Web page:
A Little C Primer/C Operators

From Wikibooks, open books for an open world
Jump to navigation Jump to search

C supports the following arithmetic operators:

   c = a * b     multiplication
   c = a / b     division
   c = a % b     mod (remainder division)
   c = a + b     addition
   c = a - b     subtraction

It also supports the following useful (if cryptic) "increment" and "decrement" operators:

   ++a           increment
   --a           decrement

These operators can also be expressed as "a++" and "a--". If the only thing that's needed is an increment or decrement, the distinction between the two forms is irrelevant. However, if a variable is being incremented or decremented as a component of some expression, then "++a" means "increment the variable first, then get its value", while "a++" means "get the value of the variable first, then increment it". Failing to remember this distinction can lead to subtle programming errors.

Finally, C supports a set of bitwise operations:

   a = ~a         bit complement
   a = b << c     shift b left by number of bits stored in c
   a = b >> c     shift b right by number of bits stored in c
   a = b & c      b AND c
   a = b ^ c      b XOR c
   a = b | c      b OR c

C allows math operations to be performed in a shortcut fashion:

   operation        shortcut

   a = a * b         a *= b 
   a = a / b         a /= b 
   a = a % b         a %= b 
   a = a + b         a += b 
   a = a - b         a -= b 
   a = a << b        a <<= b 
   a = a >> b        a >>= b 
   a = a & b         a &= b 
   a = a ^ b         a ^= b 
   a = a | b         a |= b 

The C relational operations were discussed in the previous chapter and are repeated here for completeness:

   a == b    equals
   a != b    not equals
   a < b     less than
   a > b     greater than
   a <= b    less than or equals
   a >= b    greater than or equals

These are actually math operations that yield 1 if true and 0 if false. The following operation actually makes syntactic sense:

   a = b * ( b < 2 ) + 10 * ( b >= 2 );

This would give "a" the value "b" if "b" is less than 2, and the value "10" otherwise. This is cute, but not recommended. It's cryptic; may make porting to other languages more difficult; and in this case, it can be done much more effectively with the conditional operator discussed in the previous chapter:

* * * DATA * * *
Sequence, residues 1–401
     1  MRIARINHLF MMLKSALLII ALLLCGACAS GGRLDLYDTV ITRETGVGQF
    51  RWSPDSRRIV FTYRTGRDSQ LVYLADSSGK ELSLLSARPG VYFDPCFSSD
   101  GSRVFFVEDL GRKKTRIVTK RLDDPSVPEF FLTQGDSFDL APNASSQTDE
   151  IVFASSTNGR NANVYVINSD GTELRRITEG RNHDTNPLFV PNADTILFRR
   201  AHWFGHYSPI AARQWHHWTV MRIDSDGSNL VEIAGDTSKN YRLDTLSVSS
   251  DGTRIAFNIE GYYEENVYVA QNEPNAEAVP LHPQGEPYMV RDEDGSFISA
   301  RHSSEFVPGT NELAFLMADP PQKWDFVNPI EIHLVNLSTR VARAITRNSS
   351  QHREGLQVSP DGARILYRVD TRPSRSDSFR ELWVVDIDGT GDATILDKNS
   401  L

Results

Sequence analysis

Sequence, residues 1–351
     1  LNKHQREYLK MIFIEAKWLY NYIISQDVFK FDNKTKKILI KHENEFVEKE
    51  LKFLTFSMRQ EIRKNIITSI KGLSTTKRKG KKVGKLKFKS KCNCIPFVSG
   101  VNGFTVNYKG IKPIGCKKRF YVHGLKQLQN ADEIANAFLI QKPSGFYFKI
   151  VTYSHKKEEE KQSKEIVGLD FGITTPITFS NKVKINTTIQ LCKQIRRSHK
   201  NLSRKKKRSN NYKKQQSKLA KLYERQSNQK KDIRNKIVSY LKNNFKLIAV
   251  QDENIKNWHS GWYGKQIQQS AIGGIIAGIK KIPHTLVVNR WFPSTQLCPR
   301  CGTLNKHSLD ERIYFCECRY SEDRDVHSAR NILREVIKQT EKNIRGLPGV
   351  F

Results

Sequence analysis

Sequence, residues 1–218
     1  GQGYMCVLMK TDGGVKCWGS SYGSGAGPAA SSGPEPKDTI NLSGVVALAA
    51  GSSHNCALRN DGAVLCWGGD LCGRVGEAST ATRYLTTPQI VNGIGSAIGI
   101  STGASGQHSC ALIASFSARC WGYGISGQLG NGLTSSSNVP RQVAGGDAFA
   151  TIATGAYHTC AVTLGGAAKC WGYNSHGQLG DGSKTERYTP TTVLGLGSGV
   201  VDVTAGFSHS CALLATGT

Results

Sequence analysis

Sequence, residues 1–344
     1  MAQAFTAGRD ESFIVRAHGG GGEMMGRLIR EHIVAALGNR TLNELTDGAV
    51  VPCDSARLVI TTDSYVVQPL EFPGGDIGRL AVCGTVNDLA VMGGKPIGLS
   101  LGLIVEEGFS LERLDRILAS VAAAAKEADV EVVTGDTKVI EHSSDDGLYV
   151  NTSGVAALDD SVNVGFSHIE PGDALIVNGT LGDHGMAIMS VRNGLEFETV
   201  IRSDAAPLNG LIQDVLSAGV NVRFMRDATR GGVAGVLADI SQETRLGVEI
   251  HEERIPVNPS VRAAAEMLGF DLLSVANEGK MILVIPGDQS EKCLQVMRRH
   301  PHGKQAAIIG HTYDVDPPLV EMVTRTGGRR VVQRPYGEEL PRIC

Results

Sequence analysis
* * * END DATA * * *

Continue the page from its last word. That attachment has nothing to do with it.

a = ( b < 2 ) ? b : 10;

This conditional operator is also known as the "triadic" operator.

There are similar logical operators:

   !     logical NOT
   &&    logical AND
   ||    logical OR

Remember that these are logical operations, not bitwise operations—don't confuse "&&" and "||" with "&" and "|". The distinction is that while the bitwise operators perform the operations on a bit-by-bit basis, the logical operations simply assess the values of their operands to be either 0 or 1 (any nonzero operand value evaluates to 1 in such comparisons) and return either a 0 or a 1:

   if(( A == 5 ) && ( B == 10 ))

Finally, there is a "sizeof" operand that returns the size of a particular operand in bytes:

   int tvar;
   printf ( "Size = %d\n", sizeof( int ) );

This comes in handy for some mass storage operations. The "sizeof()" function can be given a data type name or the name of a variable, and the variable can be an array, in which case "sizeof()" gives the size of the entire array.

The precedence of these operators in math functions—that is, which ones are evaluated before others—are defined as follows, reading from the highest precedence to the lowest:

   ()     []     ->     .
   !      ~      ++     --     (cast)      &      sizeof   - (minus prefix)
        /      %
   +      -
   <<     >>
   <      <=     >      >=
   ==     !=

   =      +=     -=     *=     /=     %=     >>=     <<=     &=
   ^=     |=

Of course, parentheses can be used to control precedence. If in doubt about the order of evaluation of an expression, add more parentheses. They won't cause any trouble and might save some pain.

Advanced math operations are available as library functions. These will be discussed in a later chapter.